Montana Health Network, Inc. v. Great Falls Orthopedic Associates

Montana Health Network, Inc. v. Great Falls Orthopedic Associates, 2015 MT 186 (June 30, 2015) (Wheat, J.) (5-0, aff’d)

Issue: (1) Whether the Plan was ambiguous and therefore was properly interpreted against the drafter, MHN; and (2) whether GFOA is entitled to attorneys’ fees on appeal.

Short Answer: (1) Yes, and (2) yes.

Summary judgment for GFOA affirmed

Facts: Montana Health Network (MHN) was the sole drafter of a health plan and trust (the Plan), of which it was also the sponsor and trustee. Great Falls Orthopedic Associates (GFOA) and MHN executed an agreement under which GFOA adopted the Plan for purposes of obtaining coverage for its employees. MHN drafted the agreement, which by its terms incorporated the Plan.

The initial term was three years, with automatic two-year renewals. GFOA could withdraw if it gave MHN notice of its intent not to renew at least 30 days before a new term began. On Dec. 10, 2010, GFOA emailed MHN stating it did not wish to renew for 2011-2012. It then sent a letter Dec. 15, 2010, saying it wished to withdraw on Jan. 15, 2011. MHN denied GFOA’s request to withdraw, saying it was required to give notice by Dec. 1, 2010 if it wished to avoid automatic renewal on Jan. 1, 2011.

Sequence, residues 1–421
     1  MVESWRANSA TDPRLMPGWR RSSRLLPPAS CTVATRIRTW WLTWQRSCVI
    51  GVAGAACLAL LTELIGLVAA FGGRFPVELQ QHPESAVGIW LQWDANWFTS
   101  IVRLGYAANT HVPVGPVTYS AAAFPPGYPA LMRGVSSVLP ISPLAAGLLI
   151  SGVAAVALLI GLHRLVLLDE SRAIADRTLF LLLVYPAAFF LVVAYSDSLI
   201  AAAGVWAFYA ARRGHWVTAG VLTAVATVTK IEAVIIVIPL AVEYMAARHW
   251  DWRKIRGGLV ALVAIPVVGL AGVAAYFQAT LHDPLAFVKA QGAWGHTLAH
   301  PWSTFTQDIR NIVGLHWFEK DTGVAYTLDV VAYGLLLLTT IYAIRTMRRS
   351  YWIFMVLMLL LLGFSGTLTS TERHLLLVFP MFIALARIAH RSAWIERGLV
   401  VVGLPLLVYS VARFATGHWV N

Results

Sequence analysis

GFOA then submitted waivers of coverage for 27 of its 32 covered employees, and ceased paying premiums for them. MHN denied the waivers based on a Plan provision that 75% of employees must be participants. GFOA refused to pay and MHN declared it in default. MHN assessed liquidated damages of $400,674, which GFOA did not pay.

Procedural Posture & Holding: MHN sued GFOA for breach of contract. On cross-motions for summary judgment the district court granted judgment to the clinic, and awarded attorneys’ fees. MHN appeals, and the Supreme Court affirms.

Reasoning: (1) The agreement between MHN and GFOA and the Plan must be interpreted as a single contract. The provision in the agreement allowing employees to waive coverage is irreconcilable with the Plan provision requiring 75% participation by GFOA employees, thereby creating an ambiguity. The district court held that the later-drafted agreement modified the Plan. Because the provision allowing employee waivers controlled, GFOA did not breach the contract.

(2) GFOA is entitled to attorneys’ fees as the prevailing party in the appeal.